It is also perfect for use in venues such as lounge clubs where a lighting operator will arrive part way through the day’s operating hours. The venue manager can easily select a pre-programmed ‘warm-up’ Scene, using one of the myDMX-RM’s trigger buttons, when the venue opens. Later, when it’s time to transition from a bar atmosphere to full-on dancing, the lighting operator can hook up their laptop to the interface and seamlessly assume full control of the rig.

Likewise, the unit is ideal for small clubs that can’t justify the expense of a designated lighting operator. The myDMX-RM can be pre-programmed with a variety of different looks and effects which can then easily be triggered by the DJ to complement their musical mix.

Finally, the myDMX-RM can also be used by lighting designers and operators to provide a level of backup against a computer crash. When controlling a rig from myDMX through the myDMX-RM important scenes can be stored on the unit’s internal memory so that if the computer running the software crashes, or stop functioning for any reason, changes to the lightshow can still be made using the RM’s trigger buttons while the computer issue is resolved.

The myDMX-RM’s 16 trigger buttons are all backlit, to provide a simple visual indication of which stored program is currently running. On its back panel, the unit also features both 3-pin and 5-pin XLR sockets meaning that it can easily be connected to any DMX-compatible lighting fixture. The unit allows control of a full DMX universe (512 control channels) in both its Live and Standalone modes, while multiple interfaces can be ‘stacked’ to allow control of two or three universes of DMX channels from a single myDMX program.

“myDMX continues to be extremely popular with many different types of entertainment lighting users”, comments ADJ USA’s National Sales Manager, Alfred Gonzales, “but the new myDMX-RM will open it up for even more potential applications. It’s convenient 19” rack-mount casing and flexible standalone function makes it ideal for installation in a wide variety of venues that need the ability to very simply switch between a variety of pre-programed lighting looks. I’m sure it will appeal to many installers who will be able to go in to a venue, setup an impressive lightshow for their clients, program it using their laptop and then leave just the myDMX-RM to provide the flexibility of selecting different programs without the need for a dedicated computer or for staff to learn how to use the myDMX software.”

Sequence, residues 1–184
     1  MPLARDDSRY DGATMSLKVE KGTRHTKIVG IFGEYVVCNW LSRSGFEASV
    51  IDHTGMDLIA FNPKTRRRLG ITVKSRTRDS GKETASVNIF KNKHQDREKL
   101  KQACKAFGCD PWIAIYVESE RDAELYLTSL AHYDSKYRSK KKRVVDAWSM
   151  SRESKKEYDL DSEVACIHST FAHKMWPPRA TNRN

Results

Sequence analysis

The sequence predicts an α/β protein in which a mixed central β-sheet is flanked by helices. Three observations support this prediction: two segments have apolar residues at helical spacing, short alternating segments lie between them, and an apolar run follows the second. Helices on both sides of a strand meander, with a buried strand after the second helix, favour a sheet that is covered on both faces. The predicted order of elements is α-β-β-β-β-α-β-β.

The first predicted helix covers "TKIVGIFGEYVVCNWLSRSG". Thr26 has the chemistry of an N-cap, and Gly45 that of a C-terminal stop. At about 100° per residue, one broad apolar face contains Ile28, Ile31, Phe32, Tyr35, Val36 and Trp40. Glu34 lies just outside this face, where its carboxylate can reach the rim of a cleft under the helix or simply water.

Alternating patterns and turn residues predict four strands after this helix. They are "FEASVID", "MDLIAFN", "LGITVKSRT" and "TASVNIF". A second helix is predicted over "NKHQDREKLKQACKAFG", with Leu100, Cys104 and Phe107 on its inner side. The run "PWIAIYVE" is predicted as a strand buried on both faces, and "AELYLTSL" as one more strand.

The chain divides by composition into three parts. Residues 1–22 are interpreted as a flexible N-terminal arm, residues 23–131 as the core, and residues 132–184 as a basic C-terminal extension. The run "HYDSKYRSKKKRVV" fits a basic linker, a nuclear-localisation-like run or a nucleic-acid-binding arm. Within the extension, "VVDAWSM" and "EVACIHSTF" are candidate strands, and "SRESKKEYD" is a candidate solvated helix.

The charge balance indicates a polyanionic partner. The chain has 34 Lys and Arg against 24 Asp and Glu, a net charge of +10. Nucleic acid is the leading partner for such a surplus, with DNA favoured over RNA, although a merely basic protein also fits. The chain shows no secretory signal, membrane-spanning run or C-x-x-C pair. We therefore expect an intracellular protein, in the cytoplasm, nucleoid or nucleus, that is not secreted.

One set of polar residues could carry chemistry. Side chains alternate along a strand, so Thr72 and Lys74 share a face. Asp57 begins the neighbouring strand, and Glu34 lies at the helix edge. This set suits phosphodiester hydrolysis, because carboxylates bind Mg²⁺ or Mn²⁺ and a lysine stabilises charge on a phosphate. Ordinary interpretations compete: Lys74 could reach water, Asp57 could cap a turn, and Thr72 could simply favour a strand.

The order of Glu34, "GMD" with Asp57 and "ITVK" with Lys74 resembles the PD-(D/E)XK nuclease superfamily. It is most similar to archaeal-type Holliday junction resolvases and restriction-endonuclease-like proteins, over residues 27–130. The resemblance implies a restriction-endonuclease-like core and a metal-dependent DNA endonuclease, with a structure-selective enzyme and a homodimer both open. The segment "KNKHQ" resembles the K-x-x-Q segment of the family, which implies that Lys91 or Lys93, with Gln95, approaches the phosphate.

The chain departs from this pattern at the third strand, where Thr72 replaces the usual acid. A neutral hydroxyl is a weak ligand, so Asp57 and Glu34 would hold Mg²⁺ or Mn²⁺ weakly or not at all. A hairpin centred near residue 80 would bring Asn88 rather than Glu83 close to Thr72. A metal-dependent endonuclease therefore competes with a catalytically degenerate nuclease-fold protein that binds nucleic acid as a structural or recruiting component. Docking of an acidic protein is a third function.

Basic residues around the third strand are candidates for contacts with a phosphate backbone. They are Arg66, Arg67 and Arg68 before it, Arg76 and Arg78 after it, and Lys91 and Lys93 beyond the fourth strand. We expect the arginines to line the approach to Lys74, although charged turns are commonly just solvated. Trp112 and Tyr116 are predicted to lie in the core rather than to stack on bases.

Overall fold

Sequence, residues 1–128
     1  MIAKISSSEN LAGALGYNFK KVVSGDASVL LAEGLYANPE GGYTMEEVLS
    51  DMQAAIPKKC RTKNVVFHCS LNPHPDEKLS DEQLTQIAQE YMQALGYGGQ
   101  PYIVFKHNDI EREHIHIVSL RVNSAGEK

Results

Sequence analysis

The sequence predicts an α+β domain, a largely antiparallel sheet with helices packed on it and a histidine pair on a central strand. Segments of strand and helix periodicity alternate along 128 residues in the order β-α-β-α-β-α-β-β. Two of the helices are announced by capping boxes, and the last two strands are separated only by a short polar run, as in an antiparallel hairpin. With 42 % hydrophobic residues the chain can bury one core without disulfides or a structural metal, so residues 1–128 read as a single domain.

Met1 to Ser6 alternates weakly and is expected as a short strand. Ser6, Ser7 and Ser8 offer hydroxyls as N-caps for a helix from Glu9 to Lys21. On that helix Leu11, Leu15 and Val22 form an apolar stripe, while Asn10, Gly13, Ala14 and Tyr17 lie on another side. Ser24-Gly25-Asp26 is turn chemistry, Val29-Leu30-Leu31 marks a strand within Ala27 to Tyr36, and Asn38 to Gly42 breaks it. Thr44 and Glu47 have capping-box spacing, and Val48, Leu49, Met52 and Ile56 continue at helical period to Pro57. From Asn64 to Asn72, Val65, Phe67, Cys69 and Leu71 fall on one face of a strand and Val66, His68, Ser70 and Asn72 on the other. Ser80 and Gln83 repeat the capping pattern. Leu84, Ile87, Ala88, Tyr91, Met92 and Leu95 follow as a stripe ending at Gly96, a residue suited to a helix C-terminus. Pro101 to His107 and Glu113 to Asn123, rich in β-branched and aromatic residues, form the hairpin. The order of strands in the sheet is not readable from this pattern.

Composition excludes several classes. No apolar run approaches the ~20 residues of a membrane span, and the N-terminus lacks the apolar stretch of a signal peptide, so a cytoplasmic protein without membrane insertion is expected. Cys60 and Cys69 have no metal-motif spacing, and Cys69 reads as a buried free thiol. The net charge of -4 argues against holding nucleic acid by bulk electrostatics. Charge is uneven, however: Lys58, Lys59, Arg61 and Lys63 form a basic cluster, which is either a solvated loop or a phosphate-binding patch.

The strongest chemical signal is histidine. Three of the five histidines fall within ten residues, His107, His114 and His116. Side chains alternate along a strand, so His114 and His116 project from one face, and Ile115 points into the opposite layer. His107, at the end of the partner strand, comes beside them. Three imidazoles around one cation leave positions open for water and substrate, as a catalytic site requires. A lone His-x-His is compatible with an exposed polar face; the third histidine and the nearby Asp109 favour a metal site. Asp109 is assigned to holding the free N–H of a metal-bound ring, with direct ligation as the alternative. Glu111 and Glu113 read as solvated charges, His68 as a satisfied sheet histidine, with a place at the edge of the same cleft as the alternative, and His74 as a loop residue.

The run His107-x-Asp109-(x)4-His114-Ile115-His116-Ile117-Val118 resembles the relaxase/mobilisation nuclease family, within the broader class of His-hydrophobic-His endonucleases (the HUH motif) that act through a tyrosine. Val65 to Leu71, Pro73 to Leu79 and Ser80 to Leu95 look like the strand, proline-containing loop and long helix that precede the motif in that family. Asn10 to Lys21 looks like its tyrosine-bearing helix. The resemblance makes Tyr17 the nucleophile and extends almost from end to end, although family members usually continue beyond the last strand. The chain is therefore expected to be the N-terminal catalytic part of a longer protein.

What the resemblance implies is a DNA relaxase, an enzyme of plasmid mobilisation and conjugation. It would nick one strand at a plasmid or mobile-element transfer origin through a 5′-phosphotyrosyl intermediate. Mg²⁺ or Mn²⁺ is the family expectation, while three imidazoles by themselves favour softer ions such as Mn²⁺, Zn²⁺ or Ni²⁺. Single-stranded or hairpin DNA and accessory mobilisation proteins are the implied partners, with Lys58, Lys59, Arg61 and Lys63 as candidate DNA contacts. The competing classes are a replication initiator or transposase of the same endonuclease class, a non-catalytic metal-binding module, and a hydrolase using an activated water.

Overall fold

Its combination of a tough rack-mountable case, powerful internal memory and flexible trigger buttons make the myDMX-RM the ultimate myDMX 3.0 dongle. It is sure to not only appeal to existing users of the software but also open it up to many new users who have a need for a standalone DMX interface that offers the flexibility of a fully-featured software control solution.

For more information on the ADJ myDMX-RM, visit:
http://www.adj.com/mydmx-rm

Click here to get a full demo video of the myDMX-RM:

For more information Contact ADJ:

ADJ USA – Tel: 800-322-6337/+1-323-582-2650 • info@americandj.com

ADJ Europe – Tel: +31 (0)45 546 85 00 • info@americandj.eu
ADJ Mexico – Tel: +52 (728) 282 7070 • ventas@americandj.com

Web: www.adj.com